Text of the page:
Mission Statement Overview
The Social and Communications Base was set up in 2008 to offer a positive, relaxed and safe learning environment, in which pupils who have ASC and other complex conditions are valued individually and are given learning opportunities centred upon them as individuals.
The ability to communicate is a key life skill for all people and underpins a pupil’s social, emotional and educational development. With this in mind, the Soc-Com Base will cater for autism and other social conditions of our pupils, whilst aiming to help them to develop individual strategies to participate in society more fully. Within the Base, staff will employ suitable autism-specific teaching methods to accommodate for the individual needs of our pupils. The basis of staff instruction remains positive and flexible, maintaining high expectations within a calm, respectful atmosphere.
We will seek to encourage independence in the pupils, encouraging opportunities for their integration within the wider community. The National Curriculum aims to foster successful learners, confident individuals and responsible citizens. Social and Communicative skills underpin achievement in all of these areas
As staff working in the facility, we will endeavor professionally to help transform understanding of autism within the school and the wider community. We will disseminate information about theory, practice, and research on autism, so that our own practice might be continually informed and improved, as well as assisting understanding within the wider school environment.A secondary aim of such dissemination and pupil community-integration, is the goal that ASC pupils be further respected by a more knowledgeable and informed public.
We will consider each pupil individually, demonstrating an awareness of the autism spectrum (of Neuro-diversity) in identifying their social needs and strengths; this understanding informing the personalised learning plans, assessments and individual reviews.Our educational approach will be constantly informed and adapted byan understanding of ASC theories, such as the ‘Triad of Impairment’Social Skills groups should be a mix of AS and PNT- so that AS can learn on their own terms- the progress has to be meaningful and not false.
In line with the ‘European Charter for Persons with Autism’, (as presented at the 4th Autism-Europe Congress, The Hague, 10 May 1992), we desire to support the following key objectives stated therein-
“Point 1. The right of people with autism to live independent and full lives to the limit of their potential.
Point 6. The right of people with autism to the assistance, equipment and support services necessary to live a fully productive life with dignity and independence.
Point 11. The right of people with autism to accessible transport and freedom of movement.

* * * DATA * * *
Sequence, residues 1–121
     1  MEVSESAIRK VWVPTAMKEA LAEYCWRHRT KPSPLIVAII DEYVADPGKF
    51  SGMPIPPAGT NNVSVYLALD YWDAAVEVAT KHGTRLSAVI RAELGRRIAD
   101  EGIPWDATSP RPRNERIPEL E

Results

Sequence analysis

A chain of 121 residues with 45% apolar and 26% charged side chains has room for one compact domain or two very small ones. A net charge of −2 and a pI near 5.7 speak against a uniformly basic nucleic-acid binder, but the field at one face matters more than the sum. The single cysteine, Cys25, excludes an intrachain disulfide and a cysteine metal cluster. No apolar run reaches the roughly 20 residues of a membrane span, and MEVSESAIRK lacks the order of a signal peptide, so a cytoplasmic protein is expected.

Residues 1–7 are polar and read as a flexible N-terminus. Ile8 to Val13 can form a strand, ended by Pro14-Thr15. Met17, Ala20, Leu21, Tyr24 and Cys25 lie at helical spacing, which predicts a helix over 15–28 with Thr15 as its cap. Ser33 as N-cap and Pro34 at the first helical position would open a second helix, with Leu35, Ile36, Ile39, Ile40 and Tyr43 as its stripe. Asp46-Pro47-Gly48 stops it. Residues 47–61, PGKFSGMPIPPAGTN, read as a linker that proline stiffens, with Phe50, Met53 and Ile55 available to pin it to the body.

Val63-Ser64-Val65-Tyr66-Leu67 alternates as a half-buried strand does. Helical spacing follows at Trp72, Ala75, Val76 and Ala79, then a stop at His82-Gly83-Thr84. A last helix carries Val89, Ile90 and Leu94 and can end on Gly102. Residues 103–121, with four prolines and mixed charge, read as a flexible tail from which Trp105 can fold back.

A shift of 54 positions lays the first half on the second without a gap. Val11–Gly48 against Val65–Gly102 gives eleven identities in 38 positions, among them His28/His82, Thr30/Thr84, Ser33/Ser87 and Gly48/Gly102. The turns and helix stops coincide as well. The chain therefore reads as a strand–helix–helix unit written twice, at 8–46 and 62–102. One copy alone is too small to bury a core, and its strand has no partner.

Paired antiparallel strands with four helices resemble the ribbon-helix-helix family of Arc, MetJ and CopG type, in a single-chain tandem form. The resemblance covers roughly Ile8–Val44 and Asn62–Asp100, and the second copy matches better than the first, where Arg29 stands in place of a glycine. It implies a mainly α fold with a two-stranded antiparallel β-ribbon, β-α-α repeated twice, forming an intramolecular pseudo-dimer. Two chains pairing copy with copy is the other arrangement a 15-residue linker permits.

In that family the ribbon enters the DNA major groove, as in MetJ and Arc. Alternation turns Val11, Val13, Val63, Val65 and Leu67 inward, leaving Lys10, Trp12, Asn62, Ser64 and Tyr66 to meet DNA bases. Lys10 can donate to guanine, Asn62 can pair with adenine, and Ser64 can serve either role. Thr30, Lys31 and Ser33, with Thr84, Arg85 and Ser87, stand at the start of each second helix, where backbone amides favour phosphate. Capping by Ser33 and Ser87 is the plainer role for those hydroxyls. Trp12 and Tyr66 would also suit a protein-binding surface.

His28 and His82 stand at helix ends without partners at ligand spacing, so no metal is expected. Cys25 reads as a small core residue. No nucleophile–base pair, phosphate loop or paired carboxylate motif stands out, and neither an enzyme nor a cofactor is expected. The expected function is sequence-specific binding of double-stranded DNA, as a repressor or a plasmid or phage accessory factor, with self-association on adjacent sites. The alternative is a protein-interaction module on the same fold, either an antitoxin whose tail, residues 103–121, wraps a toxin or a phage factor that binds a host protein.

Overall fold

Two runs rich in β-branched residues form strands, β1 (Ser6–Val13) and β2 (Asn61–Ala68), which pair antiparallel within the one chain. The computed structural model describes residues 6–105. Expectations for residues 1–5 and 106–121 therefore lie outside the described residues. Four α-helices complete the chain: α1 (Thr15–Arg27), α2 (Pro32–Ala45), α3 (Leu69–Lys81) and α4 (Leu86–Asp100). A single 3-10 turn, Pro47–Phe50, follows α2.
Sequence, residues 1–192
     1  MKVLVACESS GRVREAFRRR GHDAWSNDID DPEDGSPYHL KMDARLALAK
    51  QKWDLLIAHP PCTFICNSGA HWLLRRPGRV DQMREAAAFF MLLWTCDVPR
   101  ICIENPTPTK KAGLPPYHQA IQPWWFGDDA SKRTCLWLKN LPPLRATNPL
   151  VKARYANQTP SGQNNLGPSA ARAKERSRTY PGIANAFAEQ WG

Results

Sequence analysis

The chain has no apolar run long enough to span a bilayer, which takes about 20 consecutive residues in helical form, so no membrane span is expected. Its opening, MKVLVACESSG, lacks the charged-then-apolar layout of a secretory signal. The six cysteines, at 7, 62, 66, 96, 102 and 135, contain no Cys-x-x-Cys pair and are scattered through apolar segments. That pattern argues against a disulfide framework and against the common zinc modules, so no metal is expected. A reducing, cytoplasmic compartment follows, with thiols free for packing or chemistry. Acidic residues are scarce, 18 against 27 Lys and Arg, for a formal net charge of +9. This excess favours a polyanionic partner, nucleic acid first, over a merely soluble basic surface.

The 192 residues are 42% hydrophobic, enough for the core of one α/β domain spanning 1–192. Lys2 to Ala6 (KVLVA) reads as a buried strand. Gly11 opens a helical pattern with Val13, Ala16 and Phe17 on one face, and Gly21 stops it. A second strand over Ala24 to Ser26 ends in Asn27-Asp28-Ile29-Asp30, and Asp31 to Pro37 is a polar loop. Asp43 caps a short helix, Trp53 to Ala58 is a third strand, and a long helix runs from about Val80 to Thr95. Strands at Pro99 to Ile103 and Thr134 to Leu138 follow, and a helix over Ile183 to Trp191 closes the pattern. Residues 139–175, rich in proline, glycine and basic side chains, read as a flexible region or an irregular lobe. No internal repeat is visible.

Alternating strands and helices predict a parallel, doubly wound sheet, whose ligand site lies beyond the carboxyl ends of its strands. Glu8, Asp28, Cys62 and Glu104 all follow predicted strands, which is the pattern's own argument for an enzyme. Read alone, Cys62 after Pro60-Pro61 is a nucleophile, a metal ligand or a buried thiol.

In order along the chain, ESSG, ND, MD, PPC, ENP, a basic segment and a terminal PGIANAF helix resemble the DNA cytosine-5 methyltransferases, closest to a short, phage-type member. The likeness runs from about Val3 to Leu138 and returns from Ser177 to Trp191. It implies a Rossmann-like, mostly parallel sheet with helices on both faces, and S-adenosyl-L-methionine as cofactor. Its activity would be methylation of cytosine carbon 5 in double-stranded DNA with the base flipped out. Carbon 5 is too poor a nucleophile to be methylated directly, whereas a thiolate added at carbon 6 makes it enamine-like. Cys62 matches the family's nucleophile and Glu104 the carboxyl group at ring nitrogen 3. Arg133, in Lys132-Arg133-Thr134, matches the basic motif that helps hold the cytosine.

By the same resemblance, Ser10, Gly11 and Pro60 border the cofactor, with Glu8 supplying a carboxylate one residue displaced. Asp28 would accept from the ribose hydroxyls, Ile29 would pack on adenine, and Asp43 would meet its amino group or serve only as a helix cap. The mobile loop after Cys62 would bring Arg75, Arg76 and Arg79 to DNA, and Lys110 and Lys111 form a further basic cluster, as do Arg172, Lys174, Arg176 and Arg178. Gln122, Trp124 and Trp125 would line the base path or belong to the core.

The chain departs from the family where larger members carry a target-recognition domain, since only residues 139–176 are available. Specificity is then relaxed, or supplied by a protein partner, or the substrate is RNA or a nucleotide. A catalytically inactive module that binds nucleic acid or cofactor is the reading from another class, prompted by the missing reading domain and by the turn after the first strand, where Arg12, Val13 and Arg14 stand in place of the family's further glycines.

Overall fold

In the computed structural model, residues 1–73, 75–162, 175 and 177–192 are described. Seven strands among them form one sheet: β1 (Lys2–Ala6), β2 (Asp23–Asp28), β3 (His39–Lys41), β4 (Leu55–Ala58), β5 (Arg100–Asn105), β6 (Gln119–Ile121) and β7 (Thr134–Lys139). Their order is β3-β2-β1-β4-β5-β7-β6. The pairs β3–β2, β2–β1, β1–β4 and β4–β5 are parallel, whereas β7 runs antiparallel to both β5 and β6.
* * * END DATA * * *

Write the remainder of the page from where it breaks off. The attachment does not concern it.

Point 12. The right of people with autism to participate in and benefit from culture, entertainment, recreation and sport.
Point 13. The right of people with autism of equal access to and use of all facilities, services and activities in the community.”
The service offered by the Social & Communications Base will also seek to meet the overarching goal stated in the same charter-
“People with autism should share the same rights and privileges enjoyed by all of the European population where such are appropriate and in the best interests of the person with autism.”
Our aim is to also provide for students with social and emotional difficulties, giving them a strong sense of dignity, self-esteem, and respect, both for themselves and for others. We wish to help the students become aware of their own strengths and to provide them with strategies and support, to enable them to succeed and play a part in their community and wider society. We wish to help improve the communicative and practical social strengths of the pupils so that they might better perceive and positively affect the world around them.
AUTISM + ENVIRONMENT = PROBLEM’
(Luke Beardon N.A.S)
With this thought in mind, we try to create an environment that is flexible to the needs of the individual with autism.
On occasion within the small groups, key mentoring roles are assigned to older pupils, so that they can help support the younger pupils. They are encouraged to act as role models and guides. This program has been recently introduced and has already seen great success.
All of the pupils experience group work, as this is a natural context for social development. Roles and shared responsibilities are encouraged. being involved in deciding which activities are undertaken, finding out information the group activity and practising skills in the company of others, all help to encourage motivation and investment in the success of the group and may be a source of self-esteem.
Small, carefully chosen groups are arranged around our ASC pupils. The focus within each small group is on improving social and emotional understanding, conversation skills and friendship skills.
A wide range of activities is offered and experienced, examples being role play, craft activities, gardening, exploring the local area, making videos, joining the library and even discovering the delights of the Ikea and how to follow their picture assembly instructions! The ‘garden therapy’ project has been a great success, with some pupils growing, harvesting, cooking and selling their produce. The garden has proved to be another safe, calm, social place for our groups to enjoy .
A ‘ Life Skills ‘ package is in place for Year 11 pupils, where they can focus on their particular needs through a mini-program created for them. The year 11’s requests have been varied and often surprising; one example, which many of our ASC pupils struggle with, has been how to cope with a fast food outlet. These pupils said they found such places ‘too noisy, too busy and everything is too fast’! They wanted help with this, as their friends went to these places and they wanted to go too.